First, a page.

Information Weekend Nation gathered through visits to several areas and by phone interviews with some beneficiaries and project implementers shows a programme in dire straits.

Some of those under the loan scheme said in interviews that their own government is short-changing them on quality and quantity of materials received as well as their attendant prices.

Beneficiaries and officials also share stories of substandard, incomplete—and even wrong—packages of materials.

There is also general chaos in the programme’s administration due to absence of clear operational guidelines, including how people should repay the loans.

Selefodi Mkize of Khasu Village in T/A Mlolo in Nsanje District described the programme as a “rip-off.”

In an interview, he claimed not to have received all the materials yet he is expected to pay the money in full.

Mkize said his calculation for the materials that government indicated to provide was K250 000.

But he received fewer materials, of substandard quality and not of the brand they were charged for.

Mkize said he received 32 gauge iron sheets instead of 28 gauge; 20 bags of Khoma cement instead of the more expensive Duracrete Cement, which last year was selling at K6 500 per 50kg bag.

“But on paper I am supposed to pay for 28 gauge iron sheets and Duracrete.  I had to sell my maize and goats to pay the builder and buy additional materials, including window and door frames. I have also not received K50 000 subsidy for labour,” he said.

“Why should I pay K6 500 for cement that is cheaper on the regular market? I want to meet government officials to discuss this,” said Mkize, adding that he has spent  K90 000 more than he should have had the pledged materials come as promised.

In Mombezi Ward in Chiradzulu District, Aubrey Chipojola, one of the beneficiaries from Chikagwire Village in group village head Kumitete, said the project would not benefit poor people because it is too costly.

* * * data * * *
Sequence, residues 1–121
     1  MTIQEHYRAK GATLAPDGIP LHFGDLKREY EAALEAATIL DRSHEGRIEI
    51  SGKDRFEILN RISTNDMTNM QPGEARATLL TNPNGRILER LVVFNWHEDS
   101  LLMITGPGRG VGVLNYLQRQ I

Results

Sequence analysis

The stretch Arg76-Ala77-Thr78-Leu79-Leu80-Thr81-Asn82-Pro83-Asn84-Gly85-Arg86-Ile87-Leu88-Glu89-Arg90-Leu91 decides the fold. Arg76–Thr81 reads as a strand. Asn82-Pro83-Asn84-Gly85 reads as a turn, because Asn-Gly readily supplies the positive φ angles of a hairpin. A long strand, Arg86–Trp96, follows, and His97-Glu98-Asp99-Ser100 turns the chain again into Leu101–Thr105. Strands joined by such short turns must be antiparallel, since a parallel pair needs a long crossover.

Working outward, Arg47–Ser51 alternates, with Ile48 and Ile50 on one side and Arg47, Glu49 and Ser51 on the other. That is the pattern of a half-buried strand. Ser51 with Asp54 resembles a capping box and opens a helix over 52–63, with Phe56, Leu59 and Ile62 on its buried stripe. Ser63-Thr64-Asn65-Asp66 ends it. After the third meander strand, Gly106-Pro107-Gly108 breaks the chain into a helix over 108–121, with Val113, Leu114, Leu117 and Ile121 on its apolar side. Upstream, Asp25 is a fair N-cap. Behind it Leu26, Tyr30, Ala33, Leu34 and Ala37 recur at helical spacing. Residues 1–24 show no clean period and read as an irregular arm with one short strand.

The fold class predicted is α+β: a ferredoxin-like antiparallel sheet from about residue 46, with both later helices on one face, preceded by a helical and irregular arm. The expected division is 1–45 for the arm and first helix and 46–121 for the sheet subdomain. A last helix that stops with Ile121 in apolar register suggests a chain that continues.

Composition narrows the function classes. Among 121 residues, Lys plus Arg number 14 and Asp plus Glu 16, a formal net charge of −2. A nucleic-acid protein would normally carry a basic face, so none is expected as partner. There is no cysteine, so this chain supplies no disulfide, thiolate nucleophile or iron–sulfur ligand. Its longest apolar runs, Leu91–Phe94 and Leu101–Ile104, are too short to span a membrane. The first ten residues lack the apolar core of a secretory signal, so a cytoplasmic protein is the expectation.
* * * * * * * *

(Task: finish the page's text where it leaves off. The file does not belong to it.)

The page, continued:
In Kumitete area, three people were earmarked to benefit from the loan project—Chipojola and Catherine Jimu—while Sub T/A Kumitete was earmarked for a grant house.

“I am being charged cement at K6 500, which is the price for Duracrete Cement, but the actual cement that was delivered is Khoma. I am charged for 28 gauge iron sheets, but received 32-gauge iron sheets.

“The paint that was delivered was expired. When I told them this, they only said they will sort it out. It is now almost three years since,” he said.

Chipojola registered to collect materials worth K449 961, but he said he will only pay half the amount for the materials that he collected.

“This project is not for the poor people,” he said.

Jimu of Chimpesa Village in Sub T/A Kumitete said her family had to sell their sugarcane field to find extra money to finish the house because they received much less materials than was planned in the loan package.

She was supposed to collect a building materials package worth K436 538 comprising iron sheets, cement, timber, door frames, locks, sorignum, nails and putty.

But what did she get?

“I did not get any of the three window frames and the paint I got was expired,” said Jimu.

A beneficiary from the second phase in Chiradzulu District, Lennie Nkombe of Malundi Three Village in Sub-T/A Onga, said she did not receive all the materials indicated on her list.